A month after nixing a cap on punitive damages, the Arkansas Supreme Court has voided another provision of the state’s Civil Justice Reform Act, approved by the General Assembly in 2003, that restricts who may testify as plaintiffs’ expert witnesses in medical malpractice cases. (Broussard v. St. Edward Mercy Med. Ctr., 2012 WL 149761 (Ark. Jan. 19, 2012).)
That provision states that plaintiffs’ expert testimony shall be “provided only by a medical care provider of the same specialty as the defendant” who can speak to “the degree of skill and learning ordinarily possessed and used by members of the profession of the [defendant] in good standing, engaged in the same type of practice or specialty in the locality in which he or she practices or in a similar locality” and can attest that the defendant “failed to act in accordance with that standard.”
The state’s constitution, however, says that the “Supreme Court shall prescribe the rules of pleading, practice, and procedure for all courts.” Dubbing the provision a procedural rule because it dictates the qualifications expert witnesses must possess, the supreme court said, “The authority to decide who may testify and under what conditions is a procedural matter solely within the province of the courts.” As a result of this conclusion, the court voided the provision.
The decision stems from a case in which plaintiff Teresa Broussard sustained burns on her neck and chest while undergoing surgery in 2006 to remove her parathyroid glands. She had to have additional surgery to remove the damaged skin and receive skin grafts. Broussard sued several parties, including the surgeon who performed her parathyroidectomy, the hospital where it took place, and a nephrologist who treated her for subsequent, but unrelated, renal failure.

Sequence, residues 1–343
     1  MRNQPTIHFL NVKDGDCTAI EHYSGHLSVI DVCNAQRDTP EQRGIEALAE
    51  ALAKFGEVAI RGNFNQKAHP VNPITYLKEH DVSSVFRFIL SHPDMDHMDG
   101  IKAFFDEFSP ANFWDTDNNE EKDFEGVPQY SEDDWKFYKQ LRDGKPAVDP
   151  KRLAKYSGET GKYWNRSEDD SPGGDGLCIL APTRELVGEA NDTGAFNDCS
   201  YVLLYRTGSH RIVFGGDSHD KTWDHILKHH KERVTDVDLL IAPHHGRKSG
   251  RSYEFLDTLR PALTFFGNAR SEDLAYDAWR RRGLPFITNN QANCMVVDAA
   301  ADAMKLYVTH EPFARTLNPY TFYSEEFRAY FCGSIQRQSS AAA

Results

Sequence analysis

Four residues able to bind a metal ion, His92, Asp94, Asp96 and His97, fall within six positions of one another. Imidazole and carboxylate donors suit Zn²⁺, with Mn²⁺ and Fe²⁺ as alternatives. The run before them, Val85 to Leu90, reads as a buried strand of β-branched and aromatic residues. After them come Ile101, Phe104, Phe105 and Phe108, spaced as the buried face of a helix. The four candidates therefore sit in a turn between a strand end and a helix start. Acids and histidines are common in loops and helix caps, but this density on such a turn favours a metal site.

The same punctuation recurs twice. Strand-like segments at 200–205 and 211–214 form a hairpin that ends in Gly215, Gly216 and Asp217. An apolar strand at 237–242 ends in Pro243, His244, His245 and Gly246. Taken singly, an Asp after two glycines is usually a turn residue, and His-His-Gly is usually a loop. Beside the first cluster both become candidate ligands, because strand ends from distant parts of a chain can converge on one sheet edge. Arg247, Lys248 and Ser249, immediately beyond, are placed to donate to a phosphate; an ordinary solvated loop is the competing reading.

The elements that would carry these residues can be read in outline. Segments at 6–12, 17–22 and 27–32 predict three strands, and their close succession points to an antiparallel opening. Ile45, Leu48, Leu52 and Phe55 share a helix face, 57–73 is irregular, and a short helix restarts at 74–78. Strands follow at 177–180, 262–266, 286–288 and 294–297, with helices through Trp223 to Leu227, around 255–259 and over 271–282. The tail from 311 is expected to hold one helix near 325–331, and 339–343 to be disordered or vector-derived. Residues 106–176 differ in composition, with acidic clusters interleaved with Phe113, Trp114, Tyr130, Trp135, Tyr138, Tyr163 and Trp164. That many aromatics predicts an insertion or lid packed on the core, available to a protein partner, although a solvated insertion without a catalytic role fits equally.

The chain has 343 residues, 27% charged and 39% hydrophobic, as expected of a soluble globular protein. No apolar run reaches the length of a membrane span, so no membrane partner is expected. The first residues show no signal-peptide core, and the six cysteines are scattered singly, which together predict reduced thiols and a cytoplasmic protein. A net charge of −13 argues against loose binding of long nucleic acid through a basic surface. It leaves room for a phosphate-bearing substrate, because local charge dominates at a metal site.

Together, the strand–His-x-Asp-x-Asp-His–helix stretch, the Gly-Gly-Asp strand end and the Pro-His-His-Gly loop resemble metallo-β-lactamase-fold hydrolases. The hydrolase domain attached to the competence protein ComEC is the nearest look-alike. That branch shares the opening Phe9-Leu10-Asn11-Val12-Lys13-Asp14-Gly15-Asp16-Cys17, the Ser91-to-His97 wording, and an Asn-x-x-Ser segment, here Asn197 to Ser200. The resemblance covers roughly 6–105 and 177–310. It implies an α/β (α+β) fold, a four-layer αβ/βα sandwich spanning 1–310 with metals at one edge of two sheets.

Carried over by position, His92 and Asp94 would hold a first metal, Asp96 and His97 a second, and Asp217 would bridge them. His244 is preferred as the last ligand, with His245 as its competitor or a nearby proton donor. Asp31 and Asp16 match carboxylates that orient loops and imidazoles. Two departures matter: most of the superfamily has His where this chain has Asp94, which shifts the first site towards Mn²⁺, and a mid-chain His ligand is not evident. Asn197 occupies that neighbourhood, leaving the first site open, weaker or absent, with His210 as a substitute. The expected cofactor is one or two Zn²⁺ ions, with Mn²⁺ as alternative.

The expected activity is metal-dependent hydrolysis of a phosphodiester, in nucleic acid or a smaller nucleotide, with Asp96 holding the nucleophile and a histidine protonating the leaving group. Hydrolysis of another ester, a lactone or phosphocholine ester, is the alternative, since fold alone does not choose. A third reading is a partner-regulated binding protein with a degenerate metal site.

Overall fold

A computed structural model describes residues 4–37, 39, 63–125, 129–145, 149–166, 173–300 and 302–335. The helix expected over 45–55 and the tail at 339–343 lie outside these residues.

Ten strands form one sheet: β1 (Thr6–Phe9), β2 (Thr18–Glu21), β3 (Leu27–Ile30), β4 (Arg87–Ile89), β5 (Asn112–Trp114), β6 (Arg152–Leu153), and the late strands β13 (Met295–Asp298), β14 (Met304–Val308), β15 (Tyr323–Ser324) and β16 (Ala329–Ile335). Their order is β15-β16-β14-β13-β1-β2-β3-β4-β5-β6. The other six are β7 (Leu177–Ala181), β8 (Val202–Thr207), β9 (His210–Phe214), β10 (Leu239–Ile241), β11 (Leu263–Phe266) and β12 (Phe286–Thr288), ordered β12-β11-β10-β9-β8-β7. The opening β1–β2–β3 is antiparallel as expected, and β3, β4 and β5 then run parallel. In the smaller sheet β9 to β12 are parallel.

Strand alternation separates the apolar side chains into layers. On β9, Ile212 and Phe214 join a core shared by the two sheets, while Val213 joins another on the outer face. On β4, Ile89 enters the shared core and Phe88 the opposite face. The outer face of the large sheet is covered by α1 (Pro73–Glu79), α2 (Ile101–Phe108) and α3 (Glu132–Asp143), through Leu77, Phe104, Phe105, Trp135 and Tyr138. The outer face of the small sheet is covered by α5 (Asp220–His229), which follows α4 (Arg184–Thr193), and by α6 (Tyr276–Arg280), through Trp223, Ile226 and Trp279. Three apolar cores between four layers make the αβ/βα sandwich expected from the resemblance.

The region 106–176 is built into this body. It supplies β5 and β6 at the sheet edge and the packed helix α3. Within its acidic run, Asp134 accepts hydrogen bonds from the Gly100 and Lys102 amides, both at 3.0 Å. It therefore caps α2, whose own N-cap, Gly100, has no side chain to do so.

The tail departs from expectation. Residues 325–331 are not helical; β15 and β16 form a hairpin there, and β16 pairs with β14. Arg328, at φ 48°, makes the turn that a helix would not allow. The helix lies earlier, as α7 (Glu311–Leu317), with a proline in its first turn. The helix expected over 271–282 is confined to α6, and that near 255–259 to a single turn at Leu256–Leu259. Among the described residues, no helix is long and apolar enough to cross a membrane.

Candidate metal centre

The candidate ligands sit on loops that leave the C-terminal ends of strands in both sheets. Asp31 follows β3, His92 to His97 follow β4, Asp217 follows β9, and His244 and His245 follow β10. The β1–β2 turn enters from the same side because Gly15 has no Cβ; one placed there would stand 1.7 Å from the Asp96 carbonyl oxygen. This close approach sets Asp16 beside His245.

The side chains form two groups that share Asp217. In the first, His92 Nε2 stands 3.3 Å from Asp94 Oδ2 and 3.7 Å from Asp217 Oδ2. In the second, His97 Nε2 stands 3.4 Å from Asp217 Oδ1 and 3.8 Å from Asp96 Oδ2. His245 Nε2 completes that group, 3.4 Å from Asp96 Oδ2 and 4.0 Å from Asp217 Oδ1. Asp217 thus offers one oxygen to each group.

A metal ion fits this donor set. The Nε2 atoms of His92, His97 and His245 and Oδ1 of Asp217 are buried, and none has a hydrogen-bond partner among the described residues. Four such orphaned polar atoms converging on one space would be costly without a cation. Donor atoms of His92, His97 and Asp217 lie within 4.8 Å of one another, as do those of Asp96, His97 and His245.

A trial court granted the defendants summary judgment because Broussard’s medical expert witness was not board certified in general surgery or nephrology. Broussard appealed, but the circuit court upheld the trial court’s ruling, concluding that the witness requirement is substantive and therefore is constitutional.
Gerry Schulze of Little Rock, Arkansas, who represented Broussard, said the supreme court’s reversal “reaffirms the proper role for the legislature and the courts under the Arkansas constitution.”
“The courts have rules of evidence that have been interpreted and used and hammered out over decades,” he said, “and when the legislature comes in and creates something new, it throws everything into a state of confusion. Confusion is not good for the law. It’s not good for defendants or plaintiffs.”
The witness requirement has affected the cost of litigation, but not in the way its backers had hoped. In Broussard’s case, for example, Schulze would have had to retain three separate medical experts to comply. “All that does is raise the cost of litigation for everybody. If we had three separate experts, then the defense would have brought in three separate experts, and there you go,” he said.
After Broussard, there’s little left of Arkansas’s Civil Justice Reform Act that dictates court procedure in medical malpractice cases, said Schulze.
In 2009, the Arkansas Supreme Court in Johnson v. Rockwell Automation, Inc. struck down a provision that required the fact-finder to consider nonparties’ degree of fault in determining defendants’ liability, and another provision that limited plaintiffs’ recovery of the full value of their medical care.
In 2007, the court in Summerville v. Thrower struck down a provision that required plaintiffs to furnish the court with an affidavit within 30 days of filing suit by a medical expert witness of the same specialty as the defendant, attesting to how the defendant breached the applicable standard of care and how his or her actions resulted in injury.